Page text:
• Periodic water quality monitoring will be employed to assess and maintain the effectiveness of irrigation, nutrient management and conservation practices.
  • Setbacks have been expanded to 50-feet to ensure ample protection from runoff into water resources, including the neighboring taro farm.
  • The effluent irrigation and fertilizer protocols are matched to the individual soil types of each paddock, along with the active management of the rotation schedule.

The farm manager will closely monitor the operations and performance of the farm using computerized technology to ensure the health of the cows, quality of the milk and environmental protection.

“We know some members of the community are concerned about the cow manure and there have been many issues raised based on fears.  In fact, in pastoral systems, cow manure from dairies and ranches is broken down by biological organisms and turns into nutrients that feed the grass and create rich organic soil. In phase one, the amount of manure produced will only fulfill about 20 percent of the required nutrients for pasture growth.  As a result, we will need additional fertilizer to sustain pasture development and regeneration.  Our approach to dairy farming, like organic farming, restores the health of the soil from the damage done by years of sugar cane production.  We want to assure the Kauai community that we are practicing responsible agriculture,” said Datta. 

“Ulupono Initiative believes the implication of the lawsuit from Kawailoa Development will impact all animal agriculture within the state,” said Datta.  “Nearly all of the locally owned and operated, family-run animal operations that have fed the people of Hawaii for generations are considered Animal Feeding Operations and could be put out of business.  Further, the misguided legal concept that the owners of reclassified agricultural land can sue to have their agricultural neighbors declared a nuisance would impact every single farmer in the state, large or small, and is a direct assault on the rights of farmers under the laws of the State of Hawaii.”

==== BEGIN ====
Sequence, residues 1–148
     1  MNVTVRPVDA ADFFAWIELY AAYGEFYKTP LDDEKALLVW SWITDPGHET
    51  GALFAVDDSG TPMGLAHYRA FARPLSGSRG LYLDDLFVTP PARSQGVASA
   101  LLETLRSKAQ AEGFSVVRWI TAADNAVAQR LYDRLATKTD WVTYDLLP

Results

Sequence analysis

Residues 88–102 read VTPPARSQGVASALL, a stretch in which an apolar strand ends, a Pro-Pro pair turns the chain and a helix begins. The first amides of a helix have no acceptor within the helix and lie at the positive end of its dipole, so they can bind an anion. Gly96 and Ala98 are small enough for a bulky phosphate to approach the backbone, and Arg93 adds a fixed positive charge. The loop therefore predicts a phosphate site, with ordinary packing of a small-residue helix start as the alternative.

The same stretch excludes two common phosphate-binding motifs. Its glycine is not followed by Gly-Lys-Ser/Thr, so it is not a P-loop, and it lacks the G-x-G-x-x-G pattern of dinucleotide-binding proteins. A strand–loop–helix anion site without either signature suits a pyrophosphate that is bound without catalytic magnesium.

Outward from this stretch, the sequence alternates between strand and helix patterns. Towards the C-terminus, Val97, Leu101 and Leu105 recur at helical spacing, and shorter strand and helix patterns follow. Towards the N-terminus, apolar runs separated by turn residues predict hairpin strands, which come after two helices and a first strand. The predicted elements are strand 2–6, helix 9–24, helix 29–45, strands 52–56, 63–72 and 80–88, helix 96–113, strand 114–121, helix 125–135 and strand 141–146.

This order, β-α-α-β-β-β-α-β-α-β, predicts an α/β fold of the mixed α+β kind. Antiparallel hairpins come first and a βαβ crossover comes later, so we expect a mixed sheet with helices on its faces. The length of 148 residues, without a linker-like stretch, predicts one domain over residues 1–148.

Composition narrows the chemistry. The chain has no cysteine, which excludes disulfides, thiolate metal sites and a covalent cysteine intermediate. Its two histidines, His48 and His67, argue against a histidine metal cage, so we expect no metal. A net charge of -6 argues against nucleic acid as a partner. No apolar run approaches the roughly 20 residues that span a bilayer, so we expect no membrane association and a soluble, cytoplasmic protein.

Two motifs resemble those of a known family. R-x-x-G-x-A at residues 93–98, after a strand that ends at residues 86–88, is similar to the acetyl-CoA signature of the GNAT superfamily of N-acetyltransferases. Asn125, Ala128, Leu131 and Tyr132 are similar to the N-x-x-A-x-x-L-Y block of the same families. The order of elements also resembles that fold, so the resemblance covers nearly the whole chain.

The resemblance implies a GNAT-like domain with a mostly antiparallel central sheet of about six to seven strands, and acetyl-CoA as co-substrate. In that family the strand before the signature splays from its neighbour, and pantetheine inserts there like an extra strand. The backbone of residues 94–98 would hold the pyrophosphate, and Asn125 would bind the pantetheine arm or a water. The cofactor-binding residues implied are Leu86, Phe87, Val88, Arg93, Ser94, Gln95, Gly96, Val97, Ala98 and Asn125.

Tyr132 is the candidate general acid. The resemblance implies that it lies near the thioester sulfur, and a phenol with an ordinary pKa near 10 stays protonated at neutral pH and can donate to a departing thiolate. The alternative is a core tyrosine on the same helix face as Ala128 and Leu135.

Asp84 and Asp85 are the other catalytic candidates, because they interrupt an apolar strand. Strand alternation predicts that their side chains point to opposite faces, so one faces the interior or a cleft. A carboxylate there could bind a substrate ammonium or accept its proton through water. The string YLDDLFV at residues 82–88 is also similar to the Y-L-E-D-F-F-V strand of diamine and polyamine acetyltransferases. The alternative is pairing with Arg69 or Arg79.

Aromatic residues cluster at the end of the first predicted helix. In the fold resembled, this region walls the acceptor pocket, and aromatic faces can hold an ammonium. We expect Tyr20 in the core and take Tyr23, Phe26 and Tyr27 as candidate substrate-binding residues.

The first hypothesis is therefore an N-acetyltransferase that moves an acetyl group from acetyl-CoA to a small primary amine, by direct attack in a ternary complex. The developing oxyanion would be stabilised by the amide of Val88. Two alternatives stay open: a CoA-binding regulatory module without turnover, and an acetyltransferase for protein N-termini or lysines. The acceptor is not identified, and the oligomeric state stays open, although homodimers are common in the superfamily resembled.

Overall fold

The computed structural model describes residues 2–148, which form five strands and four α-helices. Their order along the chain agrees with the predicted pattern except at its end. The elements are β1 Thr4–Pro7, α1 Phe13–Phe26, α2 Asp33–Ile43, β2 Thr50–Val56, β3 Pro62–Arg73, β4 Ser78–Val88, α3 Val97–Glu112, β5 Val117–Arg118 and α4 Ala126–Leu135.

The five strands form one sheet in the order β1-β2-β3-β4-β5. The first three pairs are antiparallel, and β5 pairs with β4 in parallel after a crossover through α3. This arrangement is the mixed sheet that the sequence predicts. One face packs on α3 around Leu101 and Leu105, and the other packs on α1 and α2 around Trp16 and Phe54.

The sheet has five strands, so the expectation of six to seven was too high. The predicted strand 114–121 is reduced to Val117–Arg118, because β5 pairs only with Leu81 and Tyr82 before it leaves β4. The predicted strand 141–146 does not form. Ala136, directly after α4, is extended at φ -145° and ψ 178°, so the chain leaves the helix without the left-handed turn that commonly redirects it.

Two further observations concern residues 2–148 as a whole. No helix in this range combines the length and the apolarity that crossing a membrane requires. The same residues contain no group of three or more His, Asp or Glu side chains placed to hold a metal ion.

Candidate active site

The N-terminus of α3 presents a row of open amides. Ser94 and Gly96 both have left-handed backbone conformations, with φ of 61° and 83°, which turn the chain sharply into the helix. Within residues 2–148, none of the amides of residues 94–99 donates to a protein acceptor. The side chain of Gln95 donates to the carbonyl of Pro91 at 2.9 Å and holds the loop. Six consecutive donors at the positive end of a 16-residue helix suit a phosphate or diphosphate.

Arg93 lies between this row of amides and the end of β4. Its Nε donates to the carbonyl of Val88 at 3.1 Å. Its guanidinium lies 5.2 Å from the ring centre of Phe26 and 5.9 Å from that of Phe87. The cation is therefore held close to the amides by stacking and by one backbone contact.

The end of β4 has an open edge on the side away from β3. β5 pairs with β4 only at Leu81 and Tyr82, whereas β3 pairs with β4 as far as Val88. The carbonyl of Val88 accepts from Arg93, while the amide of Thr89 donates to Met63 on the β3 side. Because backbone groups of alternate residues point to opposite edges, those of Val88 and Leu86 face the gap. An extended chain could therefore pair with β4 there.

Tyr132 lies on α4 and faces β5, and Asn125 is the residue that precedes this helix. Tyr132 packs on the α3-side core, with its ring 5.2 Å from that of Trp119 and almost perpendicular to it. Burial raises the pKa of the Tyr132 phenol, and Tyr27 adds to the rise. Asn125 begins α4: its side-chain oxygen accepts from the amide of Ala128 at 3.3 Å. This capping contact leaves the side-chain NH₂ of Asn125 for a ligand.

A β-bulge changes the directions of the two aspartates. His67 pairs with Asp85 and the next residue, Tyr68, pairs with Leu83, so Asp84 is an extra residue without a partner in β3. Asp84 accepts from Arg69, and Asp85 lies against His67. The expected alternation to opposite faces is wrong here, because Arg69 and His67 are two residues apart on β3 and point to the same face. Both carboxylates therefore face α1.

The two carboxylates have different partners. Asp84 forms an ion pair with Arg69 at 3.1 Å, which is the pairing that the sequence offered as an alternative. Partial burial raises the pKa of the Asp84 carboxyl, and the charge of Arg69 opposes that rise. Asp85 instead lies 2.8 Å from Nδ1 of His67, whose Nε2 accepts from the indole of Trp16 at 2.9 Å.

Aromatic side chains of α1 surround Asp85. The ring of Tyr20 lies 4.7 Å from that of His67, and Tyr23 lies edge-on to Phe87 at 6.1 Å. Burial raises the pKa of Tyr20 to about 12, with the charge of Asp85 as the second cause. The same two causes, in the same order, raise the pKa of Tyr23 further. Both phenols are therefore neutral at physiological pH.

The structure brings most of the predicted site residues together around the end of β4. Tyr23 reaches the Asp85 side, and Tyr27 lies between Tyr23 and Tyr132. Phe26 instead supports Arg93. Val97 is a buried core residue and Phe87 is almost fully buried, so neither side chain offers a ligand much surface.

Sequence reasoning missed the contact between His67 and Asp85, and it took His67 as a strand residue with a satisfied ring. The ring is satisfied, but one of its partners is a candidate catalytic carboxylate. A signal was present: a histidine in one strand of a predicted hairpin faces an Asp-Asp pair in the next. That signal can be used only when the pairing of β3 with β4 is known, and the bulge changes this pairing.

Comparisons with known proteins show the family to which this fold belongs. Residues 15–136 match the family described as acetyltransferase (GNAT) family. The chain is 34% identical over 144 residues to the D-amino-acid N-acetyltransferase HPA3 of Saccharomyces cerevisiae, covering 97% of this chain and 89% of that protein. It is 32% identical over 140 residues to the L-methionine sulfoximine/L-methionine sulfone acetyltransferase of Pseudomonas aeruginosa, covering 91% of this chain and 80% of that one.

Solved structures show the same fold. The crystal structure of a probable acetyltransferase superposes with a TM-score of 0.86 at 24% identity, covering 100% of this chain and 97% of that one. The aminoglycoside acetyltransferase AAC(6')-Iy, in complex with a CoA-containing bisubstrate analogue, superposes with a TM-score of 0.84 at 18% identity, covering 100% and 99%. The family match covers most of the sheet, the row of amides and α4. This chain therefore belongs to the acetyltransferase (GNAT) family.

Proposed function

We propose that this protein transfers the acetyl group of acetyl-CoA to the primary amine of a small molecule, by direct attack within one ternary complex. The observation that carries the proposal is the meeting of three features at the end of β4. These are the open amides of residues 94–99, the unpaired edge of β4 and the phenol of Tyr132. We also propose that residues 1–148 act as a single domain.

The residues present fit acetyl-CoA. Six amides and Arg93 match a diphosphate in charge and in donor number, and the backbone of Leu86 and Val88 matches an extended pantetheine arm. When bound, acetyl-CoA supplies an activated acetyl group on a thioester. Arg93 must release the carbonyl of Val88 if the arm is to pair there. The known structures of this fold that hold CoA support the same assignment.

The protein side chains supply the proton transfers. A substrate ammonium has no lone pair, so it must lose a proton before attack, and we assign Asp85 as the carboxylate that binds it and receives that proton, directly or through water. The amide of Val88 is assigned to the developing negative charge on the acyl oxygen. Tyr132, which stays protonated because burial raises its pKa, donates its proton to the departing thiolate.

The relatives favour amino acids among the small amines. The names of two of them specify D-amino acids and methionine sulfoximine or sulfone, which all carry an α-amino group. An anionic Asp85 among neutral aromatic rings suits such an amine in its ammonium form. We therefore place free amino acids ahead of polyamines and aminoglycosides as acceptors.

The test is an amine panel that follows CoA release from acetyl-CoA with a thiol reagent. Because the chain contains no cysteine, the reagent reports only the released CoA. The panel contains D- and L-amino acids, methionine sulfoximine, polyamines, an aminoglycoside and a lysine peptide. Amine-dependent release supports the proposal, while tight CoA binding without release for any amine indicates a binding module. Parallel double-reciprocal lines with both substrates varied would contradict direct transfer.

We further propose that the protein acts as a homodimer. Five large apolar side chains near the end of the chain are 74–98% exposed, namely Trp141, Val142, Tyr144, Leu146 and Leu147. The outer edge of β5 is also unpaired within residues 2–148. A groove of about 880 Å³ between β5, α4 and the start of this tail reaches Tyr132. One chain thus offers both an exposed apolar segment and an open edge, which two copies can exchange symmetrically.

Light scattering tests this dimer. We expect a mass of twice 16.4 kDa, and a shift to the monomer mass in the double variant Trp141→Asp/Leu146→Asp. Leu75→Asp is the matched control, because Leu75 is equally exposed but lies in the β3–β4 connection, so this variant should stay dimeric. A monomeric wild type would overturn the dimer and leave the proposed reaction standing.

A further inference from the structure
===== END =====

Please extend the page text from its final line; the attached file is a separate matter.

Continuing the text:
“Our due diligence indicates that an AFO application does not require an Environmental Assessment (EA) as claimed by the recent lawsuit filed by Kawailoa Development,” said Datta. “To require an EA of all small-scale animal operations across the state would be financially devastating and is a horrible precedent that would set Hawaii back as the only state who imposes this restriction on small farms using effluent impoundment ponds.  We don’t believe that family farms with animals should be ‘collateral damage’ in this resort’s attempt to establish an unnecessary buffer zone around reclassified agricultural lands.  We care about all agriculture, and the right of the people who live in Hawaii to have fresh, affordable and nutritious local food.”

Upon issuance of a positive review from the Hawaii Department of Health, Hawaii Dairy Farms will be authorized to build the first phase of the dairy.

Hawaii Dairy Farms is Hawaii’s first zero-discharge grass-fed dairy, located on 578 acres in Mahaulepu, Kauai.  At full-scale, it will double statewide local milk production in an effort to restore Hawaii’s dairy industry and produce a fresh, local product Hawaii’s families can afford.  The operating budget is projected to be between $6 - $9 million annually to support Kauai’s economy.  To learn more, please visit www.HawaiiDairyFarms.com.